Since I lack the time and skills to build such a system myself, I’m thinking about commissioning someone to build it. Ideally, it would be something that could be shared with other like-minded attorneys who want to set up their own secure systems.

2 Replies to “Musing on Ethics, Security, and Client Communication”

  1. Your proposal addresses some of the technologies that may help build a secure service, but is incomplete.
    For instance, you don’t deal with many issues of account security, establishing strong passwords and how to deal with compromised accounts.

    All of your communications exist in potentially 3 places, your server and at least 2 clients. Any one of these could be a route to examining your communications. ( Look at Edward Snowden’s comments on endpoint security, at for instance ).

    For myself, I have a large number of accounts with various services on the internet, and I keep the passwords in an encrypted application on my cellphone. How will your client’s remember their account credentials? Will you ensure that the client has a truly strong password, or will you implement a 2 factor authentication mechanism? If your client’s cellphones are seized, are their accounts at risk?

    Your concerns show that you are also concerned about abuse of your services. The most direct route of abuse by your clients would be to share account credentials. By exchanging edits of a draft message, they can communicate without ever transmitting anything. Your service could keep a history of all edits, but would you really want that stored anywhere, ever? Most companies are looking for their email to disappear as rapidly as possible, unless they are under a legal obligation to preserve it. ( Email Backup is so 1980’s. What’s your disaster recovery plan if your secure servers hard drive goes kaput? Maybe you should be replacing it every 3 months and shredding the old one. )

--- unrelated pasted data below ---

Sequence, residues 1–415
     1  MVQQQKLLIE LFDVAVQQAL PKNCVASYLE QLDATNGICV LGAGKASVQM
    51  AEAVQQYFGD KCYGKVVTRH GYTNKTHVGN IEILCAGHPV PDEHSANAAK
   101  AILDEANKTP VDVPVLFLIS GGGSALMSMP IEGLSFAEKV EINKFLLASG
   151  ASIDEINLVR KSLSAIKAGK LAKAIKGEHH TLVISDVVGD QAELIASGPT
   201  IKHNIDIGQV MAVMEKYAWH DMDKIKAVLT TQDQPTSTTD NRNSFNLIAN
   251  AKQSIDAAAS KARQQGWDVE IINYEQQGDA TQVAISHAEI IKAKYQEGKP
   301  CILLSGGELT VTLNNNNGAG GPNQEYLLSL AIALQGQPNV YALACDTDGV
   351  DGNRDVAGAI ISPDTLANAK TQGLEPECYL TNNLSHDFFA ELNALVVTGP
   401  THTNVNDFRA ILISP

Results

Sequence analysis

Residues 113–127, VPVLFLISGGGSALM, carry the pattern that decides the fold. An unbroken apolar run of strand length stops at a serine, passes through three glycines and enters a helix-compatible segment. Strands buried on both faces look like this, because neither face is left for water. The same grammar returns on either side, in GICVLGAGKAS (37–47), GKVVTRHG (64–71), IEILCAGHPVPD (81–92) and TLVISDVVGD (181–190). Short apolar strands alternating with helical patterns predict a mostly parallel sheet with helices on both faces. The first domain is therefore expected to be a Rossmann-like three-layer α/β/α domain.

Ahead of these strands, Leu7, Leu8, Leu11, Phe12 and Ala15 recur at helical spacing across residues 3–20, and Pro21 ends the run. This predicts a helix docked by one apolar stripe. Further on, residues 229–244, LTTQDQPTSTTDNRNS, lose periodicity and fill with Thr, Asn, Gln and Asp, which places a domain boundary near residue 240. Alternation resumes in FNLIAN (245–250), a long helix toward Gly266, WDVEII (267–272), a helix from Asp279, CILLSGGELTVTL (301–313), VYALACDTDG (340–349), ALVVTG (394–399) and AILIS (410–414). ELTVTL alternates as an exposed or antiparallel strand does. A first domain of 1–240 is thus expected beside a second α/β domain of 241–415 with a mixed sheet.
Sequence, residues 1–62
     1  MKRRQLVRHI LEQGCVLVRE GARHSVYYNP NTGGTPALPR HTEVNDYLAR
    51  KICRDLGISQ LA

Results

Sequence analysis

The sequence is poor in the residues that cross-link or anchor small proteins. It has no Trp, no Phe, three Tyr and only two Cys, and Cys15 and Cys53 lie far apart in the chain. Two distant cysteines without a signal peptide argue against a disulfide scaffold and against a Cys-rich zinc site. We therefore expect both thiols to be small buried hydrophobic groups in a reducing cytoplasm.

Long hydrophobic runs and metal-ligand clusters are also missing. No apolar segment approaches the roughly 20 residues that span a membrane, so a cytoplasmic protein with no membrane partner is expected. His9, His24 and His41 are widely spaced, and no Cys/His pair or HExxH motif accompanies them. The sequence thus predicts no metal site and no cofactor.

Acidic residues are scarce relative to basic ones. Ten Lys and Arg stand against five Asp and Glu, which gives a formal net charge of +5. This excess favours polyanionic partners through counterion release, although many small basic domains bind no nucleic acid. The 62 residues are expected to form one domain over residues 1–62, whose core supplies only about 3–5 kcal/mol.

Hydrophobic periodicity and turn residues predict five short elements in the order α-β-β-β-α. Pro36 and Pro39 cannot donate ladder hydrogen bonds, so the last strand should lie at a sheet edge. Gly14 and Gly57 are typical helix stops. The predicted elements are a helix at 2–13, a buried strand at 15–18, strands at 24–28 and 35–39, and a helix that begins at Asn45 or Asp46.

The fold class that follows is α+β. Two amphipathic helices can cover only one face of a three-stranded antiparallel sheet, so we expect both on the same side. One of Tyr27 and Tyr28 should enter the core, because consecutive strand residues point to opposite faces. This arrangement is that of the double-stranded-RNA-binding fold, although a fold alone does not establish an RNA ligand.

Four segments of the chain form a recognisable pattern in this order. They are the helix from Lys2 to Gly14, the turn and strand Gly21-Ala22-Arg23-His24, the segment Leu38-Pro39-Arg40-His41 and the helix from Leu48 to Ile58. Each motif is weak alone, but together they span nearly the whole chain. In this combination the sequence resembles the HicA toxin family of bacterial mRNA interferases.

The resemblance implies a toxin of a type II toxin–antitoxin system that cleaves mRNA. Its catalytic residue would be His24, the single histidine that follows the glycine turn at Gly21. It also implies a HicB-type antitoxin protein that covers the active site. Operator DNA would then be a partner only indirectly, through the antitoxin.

Finally, I think regular audits of your security is a good practice. However, this is largely meaningless unless audited to a standard, how could your client’s reasonably know what that should be?

    For any internet based business that does a large volume of credit card transactions there are well established security standards of escalating sophistication as the volume of business grows. These cover a large number of topics, from physical access to servers and infrastructure, physical design of the network, software update policies, privileged personnel and access policies as well as penetration testing. There are well established businesses for conducting audits to these standards, and many internet based businesses will have one performed on a regular basis.

    I would think the legal profession would be well served to build a similar understanding, and the process to audit it. Would such a broadly accepted standard cover emails such as the ones underlying Apple’s concerns in this article?

    Since you are considering the ethics of this topic, you might find this paper an interesting read: , there is much more at